LACC goes against traditional rulings, sort of, for U.S. Open
The Los Angeles Country Club is set to host the 123rd U.S. Open this week, and it will be quite a different scene from the typical “people’s U.S. Open.” The club, which is known for rejecting any prospective members with entertainment ties to Hollywood, is a place where captains of industry roll putts and mingle. Despite being located in Tinseltown and surrounded by the homes of many famous entertainers, LACC prefers not to have them as members. Bing Crosby famously lived alongside the 14th hole and wanted to become a member, but was not welcome because of his ties to Hollywood. The club has, until now, wanted to remain hidden in plain sight.
This week, the club will have its moment in the spotlight, as it hosts the U.S. Open. Ironically, many of the tournament attendees will be the very types of people the club has eschewed as members over the years. The event is expected to be a glitz-and-glamour and be-there-to-be-seen event, with around 75 percent of the 22,000 tickets per day being corporate-based, leaving a much smaller percentage to the common sports fans.
Despite rejecting offers from the USGA to host a U.S. Open in the past, LACC’s North Course is ranked 16th on Golf Digest’s 100 greatest courses in America. Stan Kroenke, owner of the L.A. Rams, Denver Nuggets, Colorado Avalanche, and Arsenal, among other sporting franchises, bought out the entire LACC pro shop for the week as his own luxury suite overlooking the first tee.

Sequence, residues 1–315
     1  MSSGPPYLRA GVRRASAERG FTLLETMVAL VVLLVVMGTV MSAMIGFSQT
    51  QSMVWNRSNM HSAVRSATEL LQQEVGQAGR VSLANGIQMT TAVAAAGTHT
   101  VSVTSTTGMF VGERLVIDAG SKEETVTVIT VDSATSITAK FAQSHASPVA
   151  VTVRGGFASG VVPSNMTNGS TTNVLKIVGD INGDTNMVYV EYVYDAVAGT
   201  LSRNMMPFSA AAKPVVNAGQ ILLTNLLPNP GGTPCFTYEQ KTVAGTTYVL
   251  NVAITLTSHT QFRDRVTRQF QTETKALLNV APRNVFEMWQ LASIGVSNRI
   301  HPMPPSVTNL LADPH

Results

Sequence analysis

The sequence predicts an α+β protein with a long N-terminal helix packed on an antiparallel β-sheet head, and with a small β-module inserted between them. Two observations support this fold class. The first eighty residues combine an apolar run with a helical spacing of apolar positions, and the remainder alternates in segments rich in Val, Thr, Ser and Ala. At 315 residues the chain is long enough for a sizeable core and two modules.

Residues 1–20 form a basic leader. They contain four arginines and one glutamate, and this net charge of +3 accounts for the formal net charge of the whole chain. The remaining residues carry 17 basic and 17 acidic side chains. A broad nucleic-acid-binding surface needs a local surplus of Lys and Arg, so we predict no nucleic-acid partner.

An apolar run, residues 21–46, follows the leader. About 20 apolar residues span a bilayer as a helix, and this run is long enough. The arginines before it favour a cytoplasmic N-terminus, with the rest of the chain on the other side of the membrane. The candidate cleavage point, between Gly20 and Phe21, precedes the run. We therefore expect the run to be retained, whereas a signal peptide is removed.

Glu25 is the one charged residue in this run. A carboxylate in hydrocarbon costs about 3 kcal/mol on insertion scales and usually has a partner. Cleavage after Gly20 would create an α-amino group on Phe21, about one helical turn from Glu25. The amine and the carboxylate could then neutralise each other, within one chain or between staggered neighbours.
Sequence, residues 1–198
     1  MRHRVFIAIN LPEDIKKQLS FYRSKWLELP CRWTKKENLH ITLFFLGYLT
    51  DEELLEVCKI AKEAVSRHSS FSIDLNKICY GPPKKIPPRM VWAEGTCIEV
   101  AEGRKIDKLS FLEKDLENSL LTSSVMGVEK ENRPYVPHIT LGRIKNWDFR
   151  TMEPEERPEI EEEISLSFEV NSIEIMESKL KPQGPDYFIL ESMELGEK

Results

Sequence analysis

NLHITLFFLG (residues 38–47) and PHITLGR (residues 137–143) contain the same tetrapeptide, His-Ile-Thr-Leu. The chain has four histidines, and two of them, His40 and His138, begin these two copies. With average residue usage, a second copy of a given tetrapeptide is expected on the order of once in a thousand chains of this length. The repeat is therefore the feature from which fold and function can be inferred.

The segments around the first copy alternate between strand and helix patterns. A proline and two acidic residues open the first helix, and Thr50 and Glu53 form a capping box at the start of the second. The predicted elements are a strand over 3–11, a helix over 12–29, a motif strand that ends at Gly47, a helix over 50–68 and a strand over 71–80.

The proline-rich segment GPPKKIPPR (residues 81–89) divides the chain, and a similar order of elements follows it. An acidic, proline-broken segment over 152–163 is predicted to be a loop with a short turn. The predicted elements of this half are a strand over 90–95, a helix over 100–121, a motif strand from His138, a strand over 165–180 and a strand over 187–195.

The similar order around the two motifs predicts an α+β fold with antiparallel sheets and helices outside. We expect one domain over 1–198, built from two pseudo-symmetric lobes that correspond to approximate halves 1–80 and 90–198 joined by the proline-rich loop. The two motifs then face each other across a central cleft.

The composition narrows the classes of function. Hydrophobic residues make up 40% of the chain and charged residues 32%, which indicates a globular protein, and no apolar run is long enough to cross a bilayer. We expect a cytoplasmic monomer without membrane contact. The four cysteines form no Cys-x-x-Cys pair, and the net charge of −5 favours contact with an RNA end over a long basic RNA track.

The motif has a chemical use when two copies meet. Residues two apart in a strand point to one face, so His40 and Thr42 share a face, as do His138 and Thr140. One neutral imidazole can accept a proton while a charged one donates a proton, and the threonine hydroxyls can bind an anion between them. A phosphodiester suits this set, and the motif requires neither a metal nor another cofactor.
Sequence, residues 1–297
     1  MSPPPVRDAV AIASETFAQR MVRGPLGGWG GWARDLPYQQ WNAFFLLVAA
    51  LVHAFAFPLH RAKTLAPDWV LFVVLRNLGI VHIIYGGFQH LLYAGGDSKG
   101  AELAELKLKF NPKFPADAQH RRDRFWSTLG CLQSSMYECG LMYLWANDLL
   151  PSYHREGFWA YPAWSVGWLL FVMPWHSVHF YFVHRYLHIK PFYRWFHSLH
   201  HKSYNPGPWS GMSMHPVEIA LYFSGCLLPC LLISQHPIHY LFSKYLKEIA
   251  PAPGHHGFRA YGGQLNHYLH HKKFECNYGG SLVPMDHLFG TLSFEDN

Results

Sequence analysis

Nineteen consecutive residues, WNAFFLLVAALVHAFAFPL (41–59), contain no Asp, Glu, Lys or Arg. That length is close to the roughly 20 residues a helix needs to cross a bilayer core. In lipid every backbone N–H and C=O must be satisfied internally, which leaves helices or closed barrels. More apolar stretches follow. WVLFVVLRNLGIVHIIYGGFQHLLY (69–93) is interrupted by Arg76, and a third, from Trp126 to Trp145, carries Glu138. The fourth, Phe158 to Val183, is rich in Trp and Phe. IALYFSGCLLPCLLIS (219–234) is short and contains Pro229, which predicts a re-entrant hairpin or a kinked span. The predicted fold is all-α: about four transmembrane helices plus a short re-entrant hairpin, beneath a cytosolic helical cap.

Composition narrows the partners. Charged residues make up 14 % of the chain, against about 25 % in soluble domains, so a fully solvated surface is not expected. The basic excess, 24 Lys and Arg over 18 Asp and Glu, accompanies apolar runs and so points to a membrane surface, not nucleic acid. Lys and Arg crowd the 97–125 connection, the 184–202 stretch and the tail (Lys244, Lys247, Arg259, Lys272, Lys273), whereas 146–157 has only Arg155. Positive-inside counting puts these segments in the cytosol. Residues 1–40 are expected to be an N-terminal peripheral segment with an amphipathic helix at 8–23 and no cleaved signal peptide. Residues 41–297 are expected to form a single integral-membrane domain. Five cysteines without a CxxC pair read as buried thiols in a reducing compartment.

The U.S. Open may certainly leave some longing for another people’s U.S. Open, especially as they learn more about the strange and unique history of LACC.
Q: What is the Los Angeles Country Club known for?
A: Rejecting any prospective members with entertainment ties to Hollywood.
Q: Has the club wanted to remain hidden in plain sight?
A: Yes, until now.
Q: Who was not allowed to be a member of LACC because of his connection to the entertainment industry?
A: Bing Crosby.
Q: What percentage of U.S. Open tickets are corporate-based?
A: Around 75 percent of the 22,000 tickets per day.
Q: Who bought out the entire LACC pro shop for the U.S. Open this week?
A: Stan Kroenke, owner of the L.A. Rams, Denver Nuggets, Colorado Avalanche and Arsenal.
LACC deviates from conventional norms, to some extent, for U.S. Open.
The 123rd U.S. Open at Los Angeles Country Club (LACC) is not your usual people’s tournament. Unlike Bethpage Black U.S. Open, where almost everyone from the New York metropolitan area has played or watched a pro tournament, most people in LA don’t even know where LACC is, despite lying on one of the busiest streets, Wilshire Boulevard. Nevertheless, LACC wanted to keep a low profile and be “hiding in plain sight,” which is precisely what it did until this week.
The club has built a reputation for rejecting any prospective members with entertainment ties to Hollywood despite its location in Tinseltown. Although it’s not a place for high-profile actors, directors, or famous musicians, it is where captains of industry come to play and mingle. Bing Crosby, who famously lived by the 14th hole and wanted to become a member, was not welcome due to his ties to the entertainment industry.
Even though LACC is surrounded by many famous people, the club doesn’t want them as members. But now, it has its moment in the spotlight as it hosts the U.S. Open, which it had rejected offers from the USGA to host for years. The club prefers to keep to the large corporations who have bought 75 percent of the 22,000 tickets per day for this US Open, making it an event to be seen. That makes it quite the opposite of a people’s tournament, and many will leave longing for another.